The 25 years since the visionary Beijing Declaration and Platform for Action for Women have seen dramatic changes globally. While there has been important, albeit chequered, progress on some fronts, new challenges have emerged, including the current COVID-19 pandemic. Demographic, epidemiological, technological and socio-economic transitions have evolved the nature of risks and drivers of women’s health, their access to healthcare services, experience of ill health and quality of life. Climate change, migration, and humanitarian crises are precipitating new risk factors. Rapid urbanisation, greater economic participation of women and rising socio-economic inequalities coupled with advances in health and medical technologies are affecting women’s health and underlying gender inequalities in different ways.
At the same time, the concerns outlined 25 years ago remain deafeningly relevant for women’s and girls’ health. Millions of women continue to have an unmet need for contraceptives, for example, and adolescent girls still lack sufficient information or quality services to prevent pregnancies, STIs or HIV. This unfinished agenda highlights the lack of real political commitment to women’s health and gender equality, as well as the power of the conservative backlash. The COVID-19 pandemic has heightened many of women’s health risks, in particular for women healthcare providers, survivors of violence, and women with unintended pregnancies. It has also exacerbated the burden of formal and informal care placed on women and girls.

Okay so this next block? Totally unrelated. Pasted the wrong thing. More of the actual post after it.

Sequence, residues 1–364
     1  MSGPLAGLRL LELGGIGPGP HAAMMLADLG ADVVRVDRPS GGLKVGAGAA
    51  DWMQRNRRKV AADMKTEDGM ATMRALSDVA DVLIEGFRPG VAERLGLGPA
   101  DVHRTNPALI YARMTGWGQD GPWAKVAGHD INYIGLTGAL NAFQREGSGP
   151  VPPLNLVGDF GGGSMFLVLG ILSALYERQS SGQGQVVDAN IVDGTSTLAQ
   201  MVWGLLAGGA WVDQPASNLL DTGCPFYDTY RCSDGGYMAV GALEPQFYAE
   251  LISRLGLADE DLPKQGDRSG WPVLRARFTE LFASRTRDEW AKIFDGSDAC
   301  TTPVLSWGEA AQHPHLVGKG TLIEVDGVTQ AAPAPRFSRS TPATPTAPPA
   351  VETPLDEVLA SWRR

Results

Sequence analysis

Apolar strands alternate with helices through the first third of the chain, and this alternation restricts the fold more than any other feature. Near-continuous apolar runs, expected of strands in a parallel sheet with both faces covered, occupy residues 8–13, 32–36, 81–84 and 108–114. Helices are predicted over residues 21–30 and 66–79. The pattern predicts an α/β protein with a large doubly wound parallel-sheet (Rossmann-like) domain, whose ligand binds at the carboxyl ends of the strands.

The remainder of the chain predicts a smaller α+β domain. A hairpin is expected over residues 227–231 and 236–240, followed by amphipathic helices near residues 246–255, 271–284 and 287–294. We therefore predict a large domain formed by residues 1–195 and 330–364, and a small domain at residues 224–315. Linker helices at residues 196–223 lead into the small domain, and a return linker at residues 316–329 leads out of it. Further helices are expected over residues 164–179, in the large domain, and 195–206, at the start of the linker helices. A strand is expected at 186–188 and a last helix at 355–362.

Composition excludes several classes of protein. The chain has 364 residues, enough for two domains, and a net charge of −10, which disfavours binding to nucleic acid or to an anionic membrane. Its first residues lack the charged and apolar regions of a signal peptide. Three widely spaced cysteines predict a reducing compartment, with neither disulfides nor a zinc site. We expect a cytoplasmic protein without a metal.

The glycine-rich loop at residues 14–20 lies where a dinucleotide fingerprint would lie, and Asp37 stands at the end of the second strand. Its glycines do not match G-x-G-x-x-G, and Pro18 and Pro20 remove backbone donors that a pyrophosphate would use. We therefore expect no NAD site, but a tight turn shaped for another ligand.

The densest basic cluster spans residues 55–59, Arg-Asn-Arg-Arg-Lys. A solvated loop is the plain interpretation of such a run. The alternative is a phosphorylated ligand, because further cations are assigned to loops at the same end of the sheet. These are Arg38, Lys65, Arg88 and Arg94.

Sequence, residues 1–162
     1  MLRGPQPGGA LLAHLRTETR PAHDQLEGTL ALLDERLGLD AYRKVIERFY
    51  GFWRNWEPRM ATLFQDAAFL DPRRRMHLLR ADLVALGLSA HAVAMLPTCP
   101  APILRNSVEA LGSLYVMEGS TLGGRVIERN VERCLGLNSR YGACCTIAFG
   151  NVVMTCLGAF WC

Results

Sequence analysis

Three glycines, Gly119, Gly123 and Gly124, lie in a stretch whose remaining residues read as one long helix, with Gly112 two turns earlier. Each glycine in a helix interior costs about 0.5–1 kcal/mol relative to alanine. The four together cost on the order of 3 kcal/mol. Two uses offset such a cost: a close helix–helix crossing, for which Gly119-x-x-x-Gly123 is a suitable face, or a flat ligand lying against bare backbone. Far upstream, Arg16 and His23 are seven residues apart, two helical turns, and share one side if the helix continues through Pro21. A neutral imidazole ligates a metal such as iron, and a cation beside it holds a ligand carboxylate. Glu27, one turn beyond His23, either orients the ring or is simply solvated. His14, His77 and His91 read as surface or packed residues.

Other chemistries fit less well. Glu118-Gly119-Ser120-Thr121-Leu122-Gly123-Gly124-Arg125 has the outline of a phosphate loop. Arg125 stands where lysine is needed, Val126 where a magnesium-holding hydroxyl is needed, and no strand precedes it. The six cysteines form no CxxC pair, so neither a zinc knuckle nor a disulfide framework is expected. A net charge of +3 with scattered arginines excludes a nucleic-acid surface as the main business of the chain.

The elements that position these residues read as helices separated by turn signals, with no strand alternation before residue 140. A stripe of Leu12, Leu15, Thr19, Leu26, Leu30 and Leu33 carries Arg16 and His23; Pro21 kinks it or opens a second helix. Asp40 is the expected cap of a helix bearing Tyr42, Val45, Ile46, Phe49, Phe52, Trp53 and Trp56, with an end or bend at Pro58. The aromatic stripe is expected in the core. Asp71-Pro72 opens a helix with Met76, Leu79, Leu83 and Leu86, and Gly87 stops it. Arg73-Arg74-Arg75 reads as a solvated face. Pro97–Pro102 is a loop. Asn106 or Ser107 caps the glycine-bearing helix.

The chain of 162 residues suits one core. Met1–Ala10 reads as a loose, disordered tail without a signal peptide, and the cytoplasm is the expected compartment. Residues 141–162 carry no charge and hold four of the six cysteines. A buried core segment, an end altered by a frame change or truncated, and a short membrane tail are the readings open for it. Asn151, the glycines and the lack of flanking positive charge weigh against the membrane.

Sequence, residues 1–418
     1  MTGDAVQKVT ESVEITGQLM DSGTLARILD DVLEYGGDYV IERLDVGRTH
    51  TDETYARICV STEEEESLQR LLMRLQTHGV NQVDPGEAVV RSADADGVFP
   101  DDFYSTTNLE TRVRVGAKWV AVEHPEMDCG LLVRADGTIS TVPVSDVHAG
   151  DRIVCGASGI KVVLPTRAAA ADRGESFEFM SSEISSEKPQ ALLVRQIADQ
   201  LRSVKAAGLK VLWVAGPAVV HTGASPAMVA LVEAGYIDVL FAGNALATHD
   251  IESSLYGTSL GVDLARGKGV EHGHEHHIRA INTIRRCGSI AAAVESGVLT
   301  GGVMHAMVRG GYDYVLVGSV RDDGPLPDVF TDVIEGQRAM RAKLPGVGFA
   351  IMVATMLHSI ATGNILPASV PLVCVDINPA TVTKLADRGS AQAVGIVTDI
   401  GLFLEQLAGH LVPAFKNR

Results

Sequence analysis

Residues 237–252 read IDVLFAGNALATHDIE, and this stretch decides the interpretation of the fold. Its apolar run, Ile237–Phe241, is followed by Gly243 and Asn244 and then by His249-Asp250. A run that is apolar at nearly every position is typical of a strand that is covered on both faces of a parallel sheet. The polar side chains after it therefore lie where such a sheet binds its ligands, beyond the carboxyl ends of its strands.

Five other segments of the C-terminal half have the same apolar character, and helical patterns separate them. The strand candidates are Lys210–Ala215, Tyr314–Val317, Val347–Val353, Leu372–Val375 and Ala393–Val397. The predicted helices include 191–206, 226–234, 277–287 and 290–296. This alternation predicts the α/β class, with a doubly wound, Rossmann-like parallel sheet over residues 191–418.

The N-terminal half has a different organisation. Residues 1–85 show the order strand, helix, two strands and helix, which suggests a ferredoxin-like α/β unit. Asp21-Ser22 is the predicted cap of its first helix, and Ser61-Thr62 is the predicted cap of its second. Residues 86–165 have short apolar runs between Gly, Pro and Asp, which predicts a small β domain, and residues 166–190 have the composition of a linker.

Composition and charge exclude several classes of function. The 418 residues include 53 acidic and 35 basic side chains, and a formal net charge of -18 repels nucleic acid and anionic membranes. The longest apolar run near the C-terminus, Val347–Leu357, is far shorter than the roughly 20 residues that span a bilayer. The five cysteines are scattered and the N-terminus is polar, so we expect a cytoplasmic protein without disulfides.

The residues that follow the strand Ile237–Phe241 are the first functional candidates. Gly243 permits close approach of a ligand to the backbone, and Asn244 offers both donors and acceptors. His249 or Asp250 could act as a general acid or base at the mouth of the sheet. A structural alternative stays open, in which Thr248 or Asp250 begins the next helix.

About the session
This session will draw on evidence and lessons on advancing women’s health since Beijing to rethink how to better meet their needs, now and in a post-COVID-19 world. Based on a series of papers commissioned by the British Medical Journal, as part of a joint collection with the United Nations University and the World Health Organization, panelists will reflect on progress, emerging opportunities, risks, and a forward-looking agenda for women and health towards 2030 and beyond.
• Dr Avni Amin, WHO, Switzerland – Welcome and Chair
• Dr Michelle Remme, UNU-IIGH, Malaysia – Introduction to the collection
When: Thursday, 18th March
Time: 8:00 – 9:30pm MYT (8:00-9:30am US EDT)
Registration: Click Here
Important: Webinar connection details will be provided upon registration.
This webinar will be available in English, French and Spanish.